Karen Krause, Democratic chairman of West Toledo's Ward 3, pauses at Jackman and Northover roads. Jackman is one of the dividing lines between the new 9th and 5th Congressional Districts.
Except for those living in the county's southwest corner, Lucas County residents have never had to wonder in which congressional district they reside.
For about 124,000 Lucas County voters, those days are over.
Thanks to the Ohio General Assembly, the county is now split down the middle, with the western part moved to the Republican-dominated 5th District and the eastern half in the solidly Democratic 9th District.
Karen Krause, Democratic Party chairman of West Toledo's Ward 3, said a lot of people don't know which congressional district they're in.
Ohioans will vote in the new districts for the first time in the primary election set for March 6. Early voting starts on Jan. 31.
"Even though I have a pretty good idea where the line is, I haven't gone down to party headquarters or gone online. I'll bet you that there will be lots of people saying to those poor poll workers, 'you gave me the wrong ballot,' " Ms. Krause said. "I believe there will be lots of confusion. And for some people, when they realize it, there will be anger."
Voters living in most of Toledo and the eastern half of Lucas County, along with many voters in Erie and Ottawa counties, will see the familiar name of U.S. Rep. Marcy Kaptur (D., Toledo) on the Democratic ballot -- along with that of U.S. Rep. Dennis Kucinich and businessman Graham Veysey, both of Cleveland.
On the Republican ballot for the 9th District will be Samuel L. Wurzelbacher of Springfield Township and Steven Kraus of Huron.
Voters living in Sylvania, Ottawa Hills, and Maumee, in Springfield, Sylvania, Monclova, Richfield, Spencer, and Harding townships, and in parts of West and South Toledo will vote in the 5th Congressional District.
The only Democrat on the ballot for the 5th District will be Angela Zimmann of Springfield Township. On the Republican ballot, incumbent U.S. Rep. Bob Latta of Bowling Green is opposed in the primary by Bob Wallis of Convoy, Ohio, in Van Wert County.
Although some Democrats will miss Miss Kaptur, some Republicans who have chafed under Democratic leadership for decades are happy about the switch.
"Bob's done a good job, and it's kind of nice to have him there," said Rob Ludeman, Toledo city councilman and Ward 7 Republican precinct committeeman, adding, "although I get along very good with Marcy Kaptur also."
Mr. Ludeman said the precincts that have moved to the 5th District include some of the more Republican and conservative voters of Toledo.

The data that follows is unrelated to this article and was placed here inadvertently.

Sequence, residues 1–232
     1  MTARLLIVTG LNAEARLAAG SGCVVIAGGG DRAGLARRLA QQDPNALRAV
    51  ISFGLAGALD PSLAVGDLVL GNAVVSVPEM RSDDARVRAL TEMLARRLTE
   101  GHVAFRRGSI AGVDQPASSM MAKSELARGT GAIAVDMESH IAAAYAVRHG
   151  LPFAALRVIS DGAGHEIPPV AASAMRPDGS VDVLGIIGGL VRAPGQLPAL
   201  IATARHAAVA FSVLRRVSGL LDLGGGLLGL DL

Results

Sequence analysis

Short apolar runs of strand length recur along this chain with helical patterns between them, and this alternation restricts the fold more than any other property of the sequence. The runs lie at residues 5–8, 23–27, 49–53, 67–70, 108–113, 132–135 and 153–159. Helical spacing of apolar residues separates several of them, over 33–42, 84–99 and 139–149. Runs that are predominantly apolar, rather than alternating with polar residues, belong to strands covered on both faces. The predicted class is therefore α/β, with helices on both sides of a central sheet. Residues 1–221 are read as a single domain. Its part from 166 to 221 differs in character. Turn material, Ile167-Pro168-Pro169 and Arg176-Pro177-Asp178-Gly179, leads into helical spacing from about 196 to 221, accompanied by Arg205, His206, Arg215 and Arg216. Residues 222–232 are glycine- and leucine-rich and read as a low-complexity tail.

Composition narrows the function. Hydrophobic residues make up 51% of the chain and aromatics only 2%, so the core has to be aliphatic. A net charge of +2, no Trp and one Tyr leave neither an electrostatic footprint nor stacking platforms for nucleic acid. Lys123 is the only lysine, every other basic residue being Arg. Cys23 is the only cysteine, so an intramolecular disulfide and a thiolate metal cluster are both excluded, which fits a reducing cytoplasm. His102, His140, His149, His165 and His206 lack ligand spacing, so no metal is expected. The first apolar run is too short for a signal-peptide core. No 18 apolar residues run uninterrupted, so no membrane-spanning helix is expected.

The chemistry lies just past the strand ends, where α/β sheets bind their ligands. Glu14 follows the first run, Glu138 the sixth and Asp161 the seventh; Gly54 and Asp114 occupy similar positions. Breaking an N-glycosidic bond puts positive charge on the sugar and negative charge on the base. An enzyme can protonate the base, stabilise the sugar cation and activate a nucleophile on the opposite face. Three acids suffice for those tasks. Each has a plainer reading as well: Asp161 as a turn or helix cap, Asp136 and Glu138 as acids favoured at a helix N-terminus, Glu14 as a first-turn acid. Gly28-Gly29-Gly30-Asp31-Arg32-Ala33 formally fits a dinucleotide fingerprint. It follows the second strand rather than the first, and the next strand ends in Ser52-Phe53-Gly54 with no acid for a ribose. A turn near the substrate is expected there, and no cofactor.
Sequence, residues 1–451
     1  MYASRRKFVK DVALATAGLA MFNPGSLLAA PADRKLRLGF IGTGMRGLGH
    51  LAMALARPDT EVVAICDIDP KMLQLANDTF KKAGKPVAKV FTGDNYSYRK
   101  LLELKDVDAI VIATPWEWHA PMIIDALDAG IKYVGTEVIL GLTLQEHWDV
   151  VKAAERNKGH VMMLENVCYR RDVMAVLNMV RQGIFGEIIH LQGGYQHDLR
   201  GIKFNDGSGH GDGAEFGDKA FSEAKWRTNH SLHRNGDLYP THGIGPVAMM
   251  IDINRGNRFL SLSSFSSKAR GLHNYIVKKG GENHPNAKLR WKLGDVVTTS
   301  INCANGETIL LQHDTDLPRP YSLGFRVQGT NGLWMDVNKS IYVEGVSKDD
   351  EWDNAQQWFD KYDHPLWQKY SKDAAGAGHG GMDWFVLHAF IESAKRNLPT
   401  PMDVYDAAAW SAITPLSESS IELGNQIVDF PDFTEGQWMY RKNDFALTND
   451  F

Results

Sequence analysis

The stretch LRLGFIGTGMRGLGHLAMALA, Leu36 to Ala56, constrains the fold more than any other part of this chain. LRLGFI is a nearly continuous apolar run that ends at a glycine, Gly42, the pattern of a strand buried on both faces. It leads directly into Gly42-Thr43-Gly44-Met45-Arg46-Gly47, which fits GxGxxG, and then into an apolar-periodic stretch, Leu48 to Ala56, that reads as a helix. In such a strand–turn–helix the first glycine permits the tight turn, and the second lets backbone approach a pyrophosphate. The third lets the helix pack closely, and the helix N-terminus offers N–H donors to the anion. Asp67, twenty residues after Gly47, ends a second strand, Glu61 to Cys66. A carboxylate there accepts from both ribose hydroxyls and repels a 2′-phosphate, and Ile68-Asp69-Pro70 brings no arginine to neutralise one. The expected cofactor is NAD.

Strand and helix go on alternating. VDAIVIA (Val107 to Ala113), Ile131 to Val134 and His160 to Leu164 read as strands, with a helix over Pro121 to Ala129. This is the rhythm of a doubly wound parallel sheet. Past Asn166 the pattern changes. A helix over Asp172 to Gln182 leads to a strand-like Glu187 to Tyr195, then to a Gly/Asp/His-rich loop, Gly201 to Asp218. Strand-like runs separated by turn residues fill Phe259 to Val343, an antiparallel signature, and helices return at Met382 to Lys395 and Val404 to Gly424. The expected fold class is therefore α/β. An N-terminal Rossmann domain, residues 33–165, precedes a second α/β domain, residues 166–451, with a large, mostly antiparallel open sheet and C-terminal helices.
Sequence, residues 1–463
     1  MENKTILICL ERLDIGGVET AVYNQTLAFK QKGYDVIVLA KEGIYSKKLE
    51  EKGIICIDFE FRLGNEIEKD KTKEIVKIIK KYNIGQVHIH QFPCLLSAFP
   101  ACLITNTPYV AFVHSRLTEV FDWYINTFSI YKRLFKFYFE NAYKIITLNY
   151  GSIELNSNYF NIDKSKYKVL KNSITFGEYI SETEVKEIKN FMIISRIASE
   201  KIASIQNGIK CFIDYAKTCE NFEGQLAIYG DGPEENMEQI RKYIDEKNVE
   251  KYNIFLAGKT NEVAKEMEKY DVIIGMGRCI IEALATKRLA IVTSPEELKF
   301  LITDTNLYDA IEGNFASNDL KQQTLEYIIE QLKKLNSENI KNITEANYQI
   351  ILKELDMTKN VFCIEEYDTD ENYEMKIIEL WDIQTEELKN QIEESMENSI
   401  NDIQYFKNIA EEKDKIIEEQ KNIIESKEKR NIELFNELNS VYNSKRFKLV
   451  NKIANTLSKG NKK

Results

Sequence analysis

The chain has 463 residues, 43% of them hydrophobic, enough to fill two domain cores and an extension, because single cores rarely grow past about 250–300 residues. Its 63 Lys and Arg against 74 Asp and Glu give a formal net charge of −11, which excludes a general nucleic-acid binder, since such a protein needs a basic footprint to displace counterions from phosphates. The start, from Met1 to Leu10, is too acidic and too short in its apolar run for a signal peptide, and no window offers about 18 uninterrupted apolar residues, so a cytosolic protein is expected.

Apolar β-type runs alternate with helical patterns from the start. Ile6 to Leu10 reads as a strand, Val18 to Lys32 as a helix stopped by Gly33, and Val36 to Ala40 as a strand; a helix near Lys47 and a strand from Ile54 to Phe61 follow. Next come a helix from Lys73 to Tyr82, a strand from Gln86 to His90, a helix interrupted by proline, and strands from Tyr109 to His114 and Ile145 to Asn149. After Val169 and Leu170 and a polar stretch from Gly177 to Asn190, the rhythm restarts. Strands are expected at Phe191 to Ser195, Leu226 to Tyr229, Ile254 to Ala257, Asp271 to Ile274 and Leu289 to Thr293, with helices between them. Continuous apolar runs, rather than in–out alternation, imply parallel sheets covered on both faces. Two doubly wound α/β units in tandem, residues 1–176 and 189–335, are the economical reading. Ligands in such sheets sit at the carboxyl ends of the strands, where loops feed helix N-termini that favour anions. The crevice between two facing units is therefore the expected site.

He doubted that there will be much confusion by the time the primary voting gets under way.
"Primary voters tend to be educated voters. They're also going to get material in the mail from the candidates. That should take a good deal of the confusion out," Mr. Ludeman said.
Although the changes have rocked the world of Ohio's politicians, who have battled in court and in the General Assembly over the precise boundaries of the congressional districts, voters so far are taking the changes in stride, leaders said.
"We haven't really had any calls about it," said Jennifer Ferback, director of the Erie County Board of Elections. "The only calls are someone who is really involved in one of the political parties and one of the candidates themselves."
In Lucas County, there have been a smattering of calls -- more likely because of the uproar that occurred over an aborted General Assembly plan that would have split Lucas County three ways.
"We have had some calls to that effect, which is to be expected," said Dan DeAngelis, deputy director of the Lucas County Board of Elections.
Similarly unconcerned voters seem to populate Ottawa, Lorain, and Cuyahoga counties as well. Elections directors in those counties said they've fielded very few phone calls from voters trying to find out what congressional district they live in.
Cuyahoga County has decided to tell registered voters by mail which congressional district -- along with Statehouse and school districts -- they reside in. The mailing will cost the county about $200,000.
"Right now, I don't think people know," said Pat McDonald, the Republican deputy director of the Cuyahoga County Board of Elections. He said Mr. Kucinich has sent out his own mailer with a vote-by-mail attachment that voters can use to request an absentee ballot.
"But for the most part I don't think the voters know which district they're in and how they're going to be affected," Mr. McDonald said.
Lucas County has no such plans. Mr. DeAngelis said the office was planning to issue a news release in hopes the news media can get the word out.
He said about 124,000 voters in Lucas County will have a new congressional district.
Registered voters in Lucas County can use the "Poll Locator" Web site through the board of elections to identify their various districts: http://apps.co.lucas.oh.us/polllocator/. Another source of information is a list that identifies precincts by congressional district: http://co.lucas.oh.us/index.aspx?NID=1139.
And the Ohio Secretary of State's office also has a polling locator: http://www.sos.state.oh.us/SOS/pollinglocation.aspx?page=361.
Contact Tom Troy at: firstname.lastname@example.org or 419-724-6058.
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